What struck me about this novel was how well written each character was. You could picture each one in your mind, fully fleshed out. From Joe's alcoholic mother. To Jeremy, his brother. To his neighbor, Lila. And for a debut novel - this was even more incredible. Allen Eisken nailed it. Further, I thought the narrator, Zack Villa, did an excellent job narrating the voices, changing the tones for each character, especially Joe and Carl.
I listened to the audiobook, in my car, doing chores and during work lunch hours (basically whenever I could) and I had a hard time controlling my emotions especially during the last 1/4 of the book. I was basically crawling out of my skin, (though I admit, I understood something important midway through) and still found that I was unable to tear myself away. This was by far, one of my favorites books of the year and I recommend it (and especially the audiobook) to anyone looking for a story with compelling characters who draw you in.
The Life We Bury is a book that took me by surprise. I knew a bit about it, saw some reviews, but didn't rush to get it. I put it in my audio queue awhile back and again, didn't think much when it arrived in my inbox. Then I started listening and was immediately hooked.
Joe Talbert is a young college student who you can say, is struggling to keep it together. His mother is a drunk, frequently arrested, or off gambling someplace. His brother, is autistic, and needs supervision, which he sadly does not get from his mother. Joe seems intelligent at times but then quite aloof and dimwitted at others. He has to write a biography of an elderly person for a course. Naturally, he waits so long on starting, and he ends up going to a local nursing home to find a person to write about.
Carl Iverson is the man that he meets in that nursing home. Carl is a convicted murderer, rapist, and arsonist who served 30 years in prison and is now in the nursing home, dying of pancreatic cancer. He's accused of the murder of a 14-year old girl who lived next to him long ago. He agrees to tell Joe his life story, calling it his 'dying declaration'. And there is where the story took off. Joe begins to hear Carl's story, dig into the evidence, and do his own investigative work. Helping him is his neighbor, Lila, who Joe is infatuated with, and his brother, Jeremy (unwittingly helping him). Jeremy brought some much needed relief to this heavy story.
Wow! This one kept me on the edge of seat the entire time. The audio was great, the narrator really brought the story to life, as well as, all the characters. He did an amazing job. A true highlight of an audio. I listened to this while in the kitchen, cleaning, baking, anything just to keep listening. Every chance I got, I would listen to this one. I had to know how this story would end. Yes, at some point I had an idea of what would happen. But it didn't matter. The ride of getting to that point was intense and I loved it. A great story, audio, and thriller. One, I'm sure, I will remember for sometime.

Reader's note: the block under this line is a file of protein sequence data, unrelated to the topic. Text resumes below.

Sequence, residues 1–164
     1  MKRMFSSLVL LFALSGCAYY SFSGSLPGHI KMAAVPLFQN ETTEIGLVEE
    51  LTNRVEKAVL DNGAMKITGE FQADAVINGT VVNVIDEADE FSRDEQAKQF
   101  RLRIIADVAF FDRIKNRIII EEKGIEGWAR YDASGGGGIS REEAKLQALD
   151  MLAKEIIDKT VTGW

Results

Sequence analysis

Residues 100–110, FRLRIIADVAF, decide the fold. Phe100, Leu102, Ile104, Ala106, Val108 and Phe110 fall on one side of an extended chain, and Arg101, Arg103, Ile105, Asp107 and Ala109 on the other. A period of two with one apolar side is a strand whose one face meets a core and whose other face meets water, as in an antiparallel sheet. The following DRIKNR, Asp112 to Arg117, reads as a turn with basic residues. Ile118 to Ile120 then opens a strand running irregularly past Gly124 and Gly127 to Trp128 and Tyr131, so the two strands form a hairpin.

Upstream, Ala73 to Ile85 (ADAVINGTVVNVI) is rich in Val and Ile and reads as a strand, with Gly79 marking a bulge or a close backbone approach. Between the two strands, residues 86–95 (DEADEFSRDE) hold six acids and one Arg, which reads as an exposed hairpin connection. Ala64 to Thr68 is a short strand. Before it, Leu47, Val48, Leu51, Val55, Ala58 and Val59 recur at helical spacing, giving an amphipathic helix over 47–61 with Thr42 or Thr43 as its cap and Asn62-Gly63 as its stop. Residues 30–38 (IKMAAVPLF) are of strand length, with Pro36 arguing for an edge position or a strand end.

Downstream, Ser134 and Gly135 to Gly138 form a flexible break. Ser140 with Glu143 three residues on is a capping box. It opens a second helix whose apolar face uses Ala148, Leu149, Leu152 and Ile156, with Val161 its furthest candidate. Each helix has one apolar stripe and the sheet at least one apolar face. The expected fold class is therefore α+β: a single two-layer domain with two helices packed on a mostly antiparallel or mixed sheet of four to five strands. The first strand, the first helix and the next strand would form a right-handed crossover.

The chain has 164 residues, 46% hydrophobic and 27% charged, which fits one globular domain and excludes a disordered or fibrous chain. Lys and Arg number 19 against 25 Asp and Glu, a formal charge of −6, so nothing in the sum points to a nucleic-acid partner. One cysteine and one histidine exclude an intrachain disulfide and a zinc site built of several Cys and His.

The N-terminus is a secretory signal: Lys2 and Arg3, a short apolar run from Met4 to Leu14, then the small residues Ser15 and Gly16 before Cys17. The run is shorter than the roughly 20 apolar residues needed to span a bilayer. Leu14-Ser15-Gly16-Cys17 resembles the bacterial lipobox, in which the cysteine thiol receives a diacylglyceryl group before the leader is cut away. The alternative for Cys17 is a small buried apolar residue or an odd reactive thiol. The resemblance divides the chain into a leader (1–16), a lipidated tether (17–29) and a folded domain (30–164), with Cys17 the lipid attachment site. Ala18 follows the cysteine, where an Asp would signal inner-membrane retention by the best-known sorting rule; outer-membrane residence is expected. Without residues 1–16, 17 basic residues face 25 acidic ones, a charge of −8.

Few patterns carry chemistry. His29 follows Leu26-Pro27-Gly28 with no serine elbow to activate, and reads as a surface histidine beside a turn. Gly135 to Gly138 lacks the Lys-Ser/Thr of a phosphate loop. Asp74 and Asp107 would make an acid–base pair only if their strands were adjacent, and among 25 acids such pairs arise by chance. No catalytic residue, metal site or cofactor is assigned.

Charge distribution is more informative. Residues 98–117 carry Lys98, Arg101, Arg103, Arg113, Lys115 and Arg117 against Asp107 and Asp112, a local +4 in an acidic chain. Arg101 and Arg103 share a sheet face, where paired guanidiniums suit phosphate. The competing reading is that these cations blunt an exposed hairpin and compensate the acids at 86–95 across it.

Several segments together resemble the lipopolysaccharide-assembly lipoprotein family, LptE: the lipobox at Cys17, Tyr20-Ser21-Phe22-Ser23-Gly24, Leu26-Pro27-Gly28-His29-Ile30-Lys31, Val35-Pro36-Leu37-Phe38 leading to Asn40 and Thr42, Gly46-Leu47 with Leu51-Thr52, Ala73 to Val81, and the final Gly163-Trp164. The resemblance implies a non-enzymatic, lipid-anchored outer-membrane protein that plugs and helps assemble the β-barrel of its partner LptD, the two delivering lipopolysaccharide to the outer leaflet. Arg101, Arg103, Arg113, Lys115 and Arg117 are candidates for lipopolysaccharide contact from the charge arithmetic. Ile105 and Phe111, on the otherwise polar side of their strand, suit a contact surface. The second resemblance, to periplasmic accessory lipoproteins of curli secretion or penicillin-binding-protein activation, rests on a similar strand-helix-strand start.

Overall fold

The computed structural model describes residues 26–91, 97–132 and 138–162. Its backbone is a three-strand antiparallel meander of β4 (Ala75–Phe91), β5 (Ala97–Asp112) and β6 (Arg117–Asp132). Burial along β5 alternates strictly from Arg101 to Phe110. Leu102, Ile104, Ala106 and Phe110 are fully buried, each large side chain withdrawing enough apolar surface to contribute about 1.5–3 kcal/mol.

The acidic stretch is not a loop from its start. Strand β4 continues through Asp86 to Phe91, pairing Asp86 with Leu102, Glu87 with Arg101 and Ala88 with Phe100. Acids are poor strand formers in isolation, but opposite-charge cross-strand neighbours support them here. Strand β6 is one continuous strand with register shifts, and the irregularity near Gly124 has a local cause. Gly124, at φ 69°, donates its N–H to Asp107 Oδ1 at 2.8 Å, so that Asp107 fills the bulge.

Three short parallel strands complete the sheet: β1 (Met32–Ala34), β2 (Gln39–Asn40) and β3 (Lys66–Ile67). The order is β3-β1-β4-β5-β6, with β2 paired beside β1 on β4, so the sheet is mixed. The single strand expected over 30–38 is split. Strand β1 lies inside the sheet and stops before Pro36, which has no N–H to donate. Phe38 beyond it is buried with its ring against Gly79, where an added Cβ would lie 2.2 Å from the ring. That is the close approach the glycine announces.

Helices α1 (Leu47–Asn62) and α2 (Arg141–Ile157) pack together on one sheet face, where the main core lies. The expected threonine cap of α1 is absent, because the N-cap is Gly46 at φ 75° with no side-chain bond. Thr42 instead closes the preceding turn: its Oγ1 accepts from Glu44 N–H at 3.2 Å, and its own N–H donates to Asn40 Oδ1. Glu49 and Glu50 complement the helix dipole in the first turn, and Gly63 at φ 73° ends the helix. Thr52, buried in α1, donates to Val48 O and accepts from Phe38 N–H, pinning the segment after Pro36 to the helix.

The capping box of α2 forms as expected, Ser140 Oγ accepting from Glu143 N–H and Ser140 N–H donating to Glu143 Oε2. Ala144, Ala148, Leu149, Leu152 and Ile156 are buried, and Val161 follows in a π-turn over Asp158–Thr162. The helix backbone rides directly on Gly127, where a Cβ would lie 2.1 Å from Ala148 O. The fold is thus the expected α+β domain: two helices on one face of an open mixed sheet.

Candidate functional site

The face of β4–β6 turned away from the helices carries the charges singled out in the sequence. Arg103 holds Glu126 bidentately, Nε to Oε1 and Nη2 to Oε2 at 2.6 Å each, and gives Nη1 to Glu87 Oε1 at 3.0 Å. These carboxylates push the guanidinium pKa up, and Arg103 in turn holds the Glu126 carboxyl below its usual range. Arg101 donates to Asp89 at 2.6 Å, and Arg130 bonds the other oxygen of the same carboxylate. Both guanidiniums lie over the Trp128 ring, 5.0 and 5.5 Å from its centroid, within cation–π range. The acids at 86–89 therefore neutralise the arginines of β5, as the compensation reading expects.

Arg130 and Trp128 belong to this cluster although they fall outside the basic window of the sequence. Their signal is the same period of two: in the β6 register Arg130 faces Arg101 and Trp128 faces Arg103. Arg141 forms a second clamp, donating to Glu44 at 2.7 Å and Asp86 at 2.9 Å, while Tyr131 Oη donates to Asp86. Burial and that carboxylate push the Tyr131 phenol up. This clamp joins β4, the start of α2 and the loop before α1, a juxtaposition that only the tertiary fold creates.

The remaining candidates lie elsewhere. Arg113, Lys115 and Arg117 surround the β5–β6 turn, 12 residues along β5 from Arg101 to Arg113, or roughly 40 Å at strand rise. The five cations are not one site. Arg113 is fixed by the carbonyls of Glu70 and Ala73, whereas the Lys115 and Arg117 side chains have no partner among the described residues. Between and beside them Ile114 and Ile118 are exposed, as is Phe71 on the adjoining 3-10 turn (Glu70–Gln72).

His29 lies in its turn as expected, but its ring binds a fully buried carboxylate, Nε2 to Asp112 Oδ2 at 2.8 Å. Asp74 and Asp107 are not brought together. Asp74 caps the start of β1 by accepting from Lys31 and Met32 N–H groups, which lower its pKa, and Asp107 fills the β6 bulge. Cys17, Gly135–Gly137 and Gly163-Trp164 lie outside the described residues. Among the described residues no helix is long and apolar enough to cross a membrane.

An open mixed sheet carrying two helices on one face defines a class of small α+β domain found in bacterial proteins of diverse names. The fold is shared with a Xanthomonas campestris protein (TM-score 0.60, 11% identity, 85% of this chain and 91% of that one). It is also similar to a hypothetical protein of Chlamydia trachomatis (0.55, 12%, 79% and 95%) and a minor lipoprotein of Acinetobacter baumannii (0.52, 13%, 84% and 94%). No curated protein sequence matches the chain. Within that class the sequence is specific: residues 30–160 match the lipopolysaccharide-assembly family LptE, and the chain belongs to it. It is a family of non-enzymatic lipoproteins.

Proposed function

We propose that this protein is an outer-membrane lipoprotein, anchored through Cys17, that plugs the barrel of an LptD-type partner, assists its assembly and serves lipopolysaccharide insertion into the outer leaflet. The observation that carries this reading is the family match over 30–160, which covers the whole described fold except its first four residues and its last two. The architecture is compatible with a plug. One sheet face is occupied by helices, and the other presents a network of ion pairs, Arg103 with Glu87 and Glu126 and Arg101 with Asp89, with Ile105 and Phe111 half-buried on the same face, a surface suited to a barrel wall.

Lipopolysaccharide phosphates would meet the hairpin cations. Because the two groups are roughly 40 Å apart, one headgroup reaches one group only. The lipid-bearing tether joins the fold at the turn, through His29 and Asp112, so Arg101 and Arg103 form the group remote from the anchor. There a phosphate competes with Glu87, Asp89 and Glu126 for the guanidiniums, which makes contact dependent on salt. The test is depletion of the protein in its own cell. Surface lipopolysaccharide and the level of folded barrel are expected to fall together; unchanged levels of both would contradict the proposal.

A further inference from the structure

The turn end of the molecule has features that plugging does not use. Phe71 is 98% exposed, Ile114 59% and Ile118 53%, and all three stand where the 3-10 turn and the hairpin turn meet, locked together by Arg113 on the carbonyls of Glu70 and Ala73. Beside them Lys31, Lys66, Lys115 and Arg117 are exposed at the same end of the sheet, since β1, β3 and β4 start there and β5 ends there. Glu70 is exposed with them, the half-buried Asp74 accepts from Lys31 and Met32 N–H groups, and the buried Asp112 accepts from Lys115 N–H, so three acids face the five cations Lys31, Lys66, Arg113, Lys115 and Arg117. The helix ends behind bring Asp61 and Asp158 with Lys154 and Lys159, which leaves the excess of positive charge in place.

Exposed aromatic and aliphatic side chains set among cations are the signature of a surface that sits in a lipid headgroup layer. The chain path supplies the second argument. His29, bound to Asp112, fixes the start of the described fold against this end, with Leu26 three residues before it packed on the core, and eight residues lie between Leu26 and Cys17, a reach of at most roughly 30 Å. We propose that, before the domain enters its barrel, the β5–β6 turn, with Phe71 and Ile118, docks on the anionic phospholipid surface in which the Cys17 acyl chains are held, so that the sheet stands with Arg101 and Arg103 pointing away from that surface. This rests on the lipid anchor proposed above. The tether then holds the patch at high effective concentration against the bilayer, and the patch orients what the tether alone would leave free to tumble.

2★ Based on the reception by most, lucky for some new authors I’m not the one approving their debut manuscripts or on the nominating panel for Anthony Award books. Maybe I’m just a jaded, hard to please reader? It’s true my mother would sometimes refer to me as a spoilsport. Perhaps there should be a warning label on my thoughts: Readers under a certain age should just ignore Cathrine’s opinions. Well, I liked the cover and it was on sale at Amazon for $1.99 so on my e-reader it went.
Initially we have a young college student who is easily manipulated by his abusive alcoholic mother, can hardly say more than one word to the girl next door he’s attracted to, then quickly turns into a smart-young-man able to refigure a 30-year-old murder case, then turns back into a not-very-bright college student stupidly confronting a man he believes to be a murderer with all his evidence and no backup. From my POV it bordered on YA and lacked depth and substance for a seasoned reader. Perhaps a good travel book or beach read where there are many distractions. I do enjoy the occasional light read but this one failed to deliver the expected pleasure usually derived. The good? The interactions between Joe, Lila, and autistic brother Jeremy. I would have liked more of that.
this is a very good mystery debut, with memorable characters and a fairly standard/familiar plot, but it's got enough promise in it that i am very confident his second book will be remarkable.
joe talbert is a 21-year-old college student tasked with writing a biographical piece on an elderly individual for his writing class. having no family members fitting the bill, he goes to a nursing home to find a willing participant. the only resident with enough cognitive capacity to take part is carl iverson, a vietnam vet and convicted rapist/murderer released from jail on medical parole after thirty years; he is dying of pancreatic cancer and has been sent to the nursing home to live out his remaining months.
iverson agrees to be interviewed as long as joe agrees to complete transparency in all of their dealings.
I'll be truthful with you. I'll answer any question you put to me. I'll be that proverbial open book, but I need to know that you are not wasting my limited time. You have to be honest with me as well.